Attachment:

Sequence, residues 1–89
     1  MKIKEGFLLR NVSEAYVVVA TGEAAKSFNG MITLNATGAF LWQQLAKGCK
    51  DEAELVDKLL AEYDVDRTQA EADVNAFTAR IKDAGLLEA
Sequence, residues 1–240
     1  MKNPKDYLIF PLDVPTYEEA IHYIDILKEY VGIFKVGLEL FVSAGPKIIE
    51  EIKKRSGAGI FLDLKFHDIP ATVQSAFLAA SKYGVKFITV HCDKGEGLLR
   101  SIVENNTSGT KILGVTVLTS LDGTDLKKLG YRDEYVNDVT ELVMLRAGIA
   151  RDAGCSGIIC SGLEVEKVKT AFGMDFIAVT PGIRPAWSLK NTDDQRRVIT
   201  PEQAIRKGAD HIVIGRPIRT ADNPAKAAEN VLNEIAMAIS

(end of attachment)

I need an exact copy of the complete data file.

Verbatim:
Sequence, residues 1–89
     1  MKIKEGFLLR NVSEAYVVVA TGEAAKSFNG MITLNATGAF LWQQLAKGCK
    51  DEAELVDKLL AEYDVDRTQA EADVNAFTAR IKDAGLLEA
Sequence, residues 1–240
     1  MKNPKDYLIF PLDVPTYEEA IHYIDILKEY VGIFKVGLEL FVSAGPKIIE
    51  EIKKRSGAGI FLDLKFHDIP ATVQSAFLAA SKYGVKFITV HCDKGEGLLR
   101  SIVENNTSGT KILGVTVLTS LDGTDLKKLG YRDEYVNDVT ELVMLRAGIA
   151  RDAGCSGIIC SGLEVEKVKT AFGMDFIAVT PGIRPAWSLK NTDDQRRVIT
   201  PEQAIRKGAD HIVIGRPIRT ADNPAKAAEN VLNEIAMAIS